- Paperback: 300 pages
- Publisher: Wiley; 1 edition (March 6, 1998)
- Language: English
- ISBN-10: 0631207619
- ISBN-13: 978-0631207610
- Product Dimensions: 6 x 0.6 x 9 inches
- Shipping Weight: 1 pounds (View shipping rates and policies)
- Average Customer Review: 11 customer reviews
- Amazon Best Sellers Rank: #410,307 in Books (See Top 100 in Books)
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Market Microstructure Theory 1st Edition
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From the Back Cover
Written by one of the leading authorities in market microstructure research, this book provides a comprehensive guide to the theoretical work in this important area of finance.
After an introduction to the general issues and problems in market microstructure, the book examines the main theoretical models developed to address inventory-based issues. There is then an extensive examination and discussion of the information-based models, with particular attention paid to the linkage with rational expectations model and learning models. The concluding chapters are concerned with price dynamics and with applications of the various models to specific microstructure problems including:
- Multi-market trading.
- Market structure.
- Market Design Market Microstructure Theory includes extensive appendices developing Bayesian learning and the rational expectations framework.
About the Author
Maureen O'Hara is the Robert W. Purcell Professor of Finance at the Johnson Graduate School of Management at Cornell University. She holds a Ph. D. in Finance from North-western University. Professor O'Hara has also taught at the London Business School and the University of California at Los Angeles. She received the Young Scholar Recognition Award from the American Association of University Women in 1986. She is a director of both the American Finance Association and the Western Finance Association. Professor O'Hara is the co-editor of the Journal of Financial Intermediation and is an associate editor at numerous finance journals.
Top customer reviews
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Economic students would love this book.
Most of my issues are realted to the writing style and presenation of the information. The style is academic and is not a pleasure read by any means. The other issue is that you almost have to read this in order. Some of the formulas are not obvious, and they are explained in one paragraph 100 pages ago, and that is it.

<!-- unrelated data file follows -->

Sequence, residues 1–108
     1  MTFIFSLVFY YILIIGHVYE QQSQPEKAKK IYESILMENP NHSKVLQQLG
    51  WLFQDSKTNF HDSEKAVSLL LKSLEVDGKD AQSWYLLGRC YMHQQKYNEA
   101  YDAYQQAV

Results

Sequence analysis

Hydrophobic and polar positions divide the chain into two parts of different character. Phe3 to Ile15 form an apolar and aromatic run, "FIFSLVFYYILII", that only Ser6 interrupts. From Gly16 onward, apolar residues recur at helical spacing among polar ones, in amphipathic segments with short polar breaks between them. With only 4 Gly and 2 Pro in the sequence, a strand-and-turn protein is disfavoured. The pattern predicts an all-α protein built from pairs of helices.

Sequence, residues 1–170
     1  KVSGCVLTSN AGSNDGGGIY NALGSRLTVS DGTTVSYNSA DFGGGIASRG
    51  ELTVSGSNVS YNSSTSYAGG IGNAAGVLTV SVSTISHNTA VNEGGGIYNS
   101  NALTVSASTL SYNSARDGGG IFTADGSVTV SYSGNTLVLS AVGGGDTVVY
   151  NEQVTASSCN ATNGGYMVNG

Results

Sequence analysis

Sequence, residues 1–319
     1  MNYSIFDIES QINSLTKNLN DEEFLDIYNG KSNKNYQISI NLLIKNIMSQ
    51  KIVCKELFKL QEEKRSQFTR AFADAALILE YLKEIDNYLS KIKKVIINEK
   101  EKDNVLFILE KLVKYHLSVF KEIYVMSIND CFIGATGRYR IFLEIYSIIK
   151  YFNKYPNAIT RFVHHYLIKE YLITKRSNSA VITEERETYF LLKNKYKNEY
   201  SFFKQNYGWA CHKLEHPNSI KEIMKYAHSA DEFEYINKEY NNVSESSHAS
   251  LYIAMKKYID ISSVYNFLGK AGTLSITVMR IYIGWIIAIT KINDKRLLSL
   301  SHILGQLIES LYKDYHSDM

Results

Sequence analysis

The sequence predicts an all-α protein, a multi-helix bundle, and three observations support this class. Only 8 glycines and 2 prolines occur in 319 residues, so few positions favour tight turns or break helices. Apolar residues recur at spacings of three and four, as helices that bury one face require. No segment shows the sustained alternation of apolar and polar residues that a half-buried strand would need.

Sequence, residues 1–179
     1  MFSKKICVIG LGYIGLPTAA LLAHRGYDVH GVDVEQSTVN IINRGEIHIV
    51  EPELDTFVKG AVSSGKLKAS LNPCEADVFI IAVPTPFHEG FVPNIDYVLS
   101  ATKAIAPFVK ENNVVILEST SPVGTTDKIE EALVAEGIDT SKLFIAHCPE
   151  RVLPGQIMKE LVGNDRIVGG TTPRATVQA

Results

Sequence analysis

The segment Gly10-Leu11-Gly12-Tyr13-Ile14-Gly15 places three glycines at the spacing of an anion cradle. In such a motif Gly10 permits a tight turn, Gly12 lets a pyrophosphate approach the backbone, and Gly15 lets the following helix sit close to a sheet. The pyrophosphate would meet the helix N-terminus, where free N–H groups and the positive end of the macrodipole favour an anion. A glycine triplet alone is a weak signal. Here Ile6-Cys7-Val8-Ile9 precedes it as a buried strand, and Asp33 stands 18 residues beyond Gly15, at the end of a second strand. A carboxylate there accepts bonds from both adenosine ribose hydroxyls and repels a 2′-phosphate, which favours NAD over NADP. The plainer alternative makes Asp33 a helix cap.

Most of the math is statistics and probability, so if you have a good background in the math then it is not as bad.
The other issue I had with it is the endless references to other papers, yes I know they have to be cited, but I wish there would be more of a background in some of the instances..
So why the 4 stars.. Because there is alot of great information in this for everyone. The appendix on Bayesian is worth getting the book alone. The authors analysis is also priceless.
While at this point the market is full of books cover this subject, and this is probably dated in some aspects, it is still worth the read.
Even if you don't understand the math, the authors coverage of the material and discussion provides valuable insight.
A lifetime of brilliant research is condensed into this book. Those who dismiss it because it is theoretically sound and rigurous will be punished when that same theory they didn't care to understand plays with their portfolio.
I'm glad to say that this book saved my day on May 6th 2010, the same day when Goldman Sachs, Bank of America, Morgan Stanley and many others lost hundreds of millions of dollars. Additional proof that this book is today more relevant than ever.
As opposed to another reviewer, I really liked the structure. Starting with inventory problems, then dealing with asymetric information and finally going thru agent's strategic behavior; you get the big picture regarding the main issues in market microstructure.
Maybe a bit more detail and explanations on the derivation of some basic models would have been more value added. Unfortunately, you must move on to the original published academic paper to get a fully understanding of any particular model. You cannot rely exclusively on the book.
Also, you do not need a serious knowledge of the subject matter to open this book (although it helps to have an undergraduate level investments class under your belt). However, finance prerequisites aside, you should be prepared with a fairly thorough knowledge of microeconomics and statistics. A semester or two at a good graduate economics program should do the trick. Otherwise, this can be a tough read.
It is also far more readable and understandable than Daniel Spurber's book which provides little of the working intuition of O'Hara. In fact Spurber is meant more for the theoretical economist with an interest in market microstructure, whereas O'Hara appeals to a broader audience in the field of finance.